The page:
Fundamentals of search engine optimization
It’s one thing to have a great looking website, but it’s another thing to have a website that gets the results you want. That’s where search engine optimization, or SEO, comes in. Without great SEO, your website runs the risk of not showing up (or ranking poorly) on search engines.
And, a website with poor SEO won’t provide visitors with the kind of user experience that makes them want to learn more about your product or business.
That’s why it’s important to talk SEO with your web developer or digital marketing company. And while most website professionals are skilled in optimizing websites and are always on top of latest SEO trends, anyone with a website integral to their business should know the basics of SEO.
The first thing to know about SEO is that it’s divided into two categories: on-page SEO and off-page SEO. On-page refers to optimizing web pages to rank high on search engines and to attract relevant traffic. Off-page SEO is optimization of a website done outside of your website. Social media, for example, is a good example of off-page SEO.
Below we break down on and off-page SEO a little further and explain the key components of both. If your website isn’t utilizing all of these tactics, it’s time for an SEO refresh.
Fundamentals of On-page SEO
Good content. The content on your website should be engaging and relevant. And most importantly it should serve a purpose, or supply a demand. Whether it’s a video, photograph, graphic or text, it needs to leave the visitor feeling like they gained something useful.
A word about keywords. Using the right keywords is essential to good website content and SEO, however overusing keywords is considered “black hat” SEO. Don’t overuse keywords (known as keyword stuffing) thinking it will help you get traffic. Instead keep your content engaging and easy to read. Well written copy is good SEO.
Content has to be linkable. This may seem obvious, but far too many websites are still using PDFs, content that requires a log in, and content that is otherwise unable to be shared. And if it can’t, it won’t rank at all in search engines.
Strong title tags. Think of this like the indexing of your website. Title tags show up on search engine results pages (SERPs) as the headlines for your webpages. These need to be engaging, but they also have to be accurate. Any misleading or “salesy” title tags will get your website ranked lower.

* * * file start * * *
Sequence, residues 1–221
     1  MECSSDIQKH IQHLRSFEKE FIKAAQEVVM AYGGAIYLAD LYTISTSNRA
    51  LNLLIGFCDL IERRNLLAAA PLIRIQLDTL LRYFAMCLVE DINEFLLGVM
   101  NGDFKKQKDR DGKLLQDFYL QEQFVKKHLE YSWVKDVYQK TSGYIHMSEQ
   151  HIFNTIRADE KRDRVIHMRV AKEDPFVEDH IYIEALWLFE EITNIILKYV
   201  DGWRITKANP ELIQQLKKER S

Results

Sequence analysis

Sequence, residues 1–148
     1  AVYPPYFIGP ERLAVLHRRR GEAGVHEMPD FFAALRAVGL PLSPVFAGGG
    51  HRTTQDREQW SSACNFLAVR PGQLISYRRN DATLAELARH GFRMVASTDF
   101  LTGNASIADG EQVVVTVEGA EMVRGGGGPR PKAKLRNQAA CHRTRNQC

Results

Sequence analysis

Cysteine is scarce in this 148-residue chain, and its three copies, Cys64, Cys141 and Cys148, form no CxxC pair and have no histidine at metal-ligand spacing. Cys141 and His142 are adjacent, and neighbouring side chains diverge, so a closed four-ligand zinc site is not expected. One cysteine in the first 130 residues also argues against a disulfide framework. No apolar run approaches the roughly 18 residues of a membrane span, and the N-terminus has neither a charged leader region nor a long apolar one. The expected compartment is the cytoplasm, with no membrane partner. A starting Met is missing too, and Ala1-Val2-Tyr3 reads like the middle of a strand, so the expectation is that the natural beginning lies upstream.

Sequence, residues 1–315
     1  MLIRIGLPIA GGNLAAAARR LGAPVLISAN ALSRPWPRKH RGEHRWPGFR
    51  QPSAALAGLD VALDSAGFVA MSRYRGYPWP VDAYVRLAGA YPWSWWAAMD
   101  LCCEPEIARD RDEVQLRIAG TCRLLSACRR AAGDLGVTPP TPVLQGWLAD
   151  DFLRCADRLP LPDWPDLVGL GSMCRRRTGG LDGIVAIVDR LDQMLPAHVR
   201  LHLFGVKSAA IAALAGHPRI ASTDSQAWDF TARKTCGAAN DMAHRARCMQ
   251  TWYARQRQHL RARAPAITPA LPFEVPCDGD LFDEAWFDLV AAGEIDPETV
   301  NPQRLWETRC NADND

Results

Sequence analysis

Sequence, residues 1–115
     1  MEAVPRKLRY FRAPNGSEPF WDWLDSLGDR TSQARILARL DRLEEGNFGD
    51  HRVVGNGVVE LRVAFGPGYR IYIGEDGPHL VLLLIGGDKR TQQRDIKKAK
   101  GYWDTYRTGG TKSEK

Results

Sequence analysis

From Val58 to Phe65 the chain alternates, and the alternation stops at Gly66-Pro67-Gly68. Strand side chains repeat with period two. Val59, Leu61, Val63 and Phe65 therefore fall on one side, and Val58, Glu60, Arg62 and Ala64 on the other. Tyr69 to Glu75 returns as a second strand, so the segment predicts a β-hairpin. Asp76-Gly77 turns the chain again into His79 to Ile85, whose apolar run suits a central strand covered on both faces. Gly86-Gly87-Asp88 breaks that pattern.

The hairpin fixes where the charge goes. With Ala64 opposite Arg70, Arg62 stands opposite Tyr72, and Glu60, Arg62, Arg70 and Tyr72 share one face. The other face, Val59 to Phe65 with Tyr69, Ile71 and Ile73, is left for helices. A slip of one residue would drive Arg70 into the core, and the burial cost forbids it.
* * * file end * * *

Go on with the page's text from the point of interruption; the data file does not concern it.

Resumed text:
Clear URLs. Again, this is like an index, or more specifically, a table of contents. You’ll want to structure your URL to be in line with the hierarchy of your website. It also needs to be highly relevant to the web page. This isn’t the place to get creative or fancy. Keep the URL clear and direct.
Fundamentals of Off-page SEO
Link building. This is the perhaps the biggest component of off-page SEO. The more backlinks a website has the greater its potential to rank higher in search engines. There are three types of links. Natural links happen organically. For example, when your website is linked from a blog article, like we are doing here.
If you can get people to share your website, or if you get an influencer to mention your site, it’s considered a manual link. And, self-created links are links within things like signature lines and press releases. These are easy to do, but it’s not recommended that you so often.
Social media marketing. While Facebook ads and posts won’t directly affect your ranking in search engines, it’s a great way to share website content and basically link build. Facebook, especially, can drive traffic to your website and attract customers, as can review sites like Yelp.
Good SEO practices aren’t difficult to master and follow. It really comes down to having engaging content on your site that’s accompanied by solid title tags and URLs. Link building and having a solid social media presence can help drive traffic, too.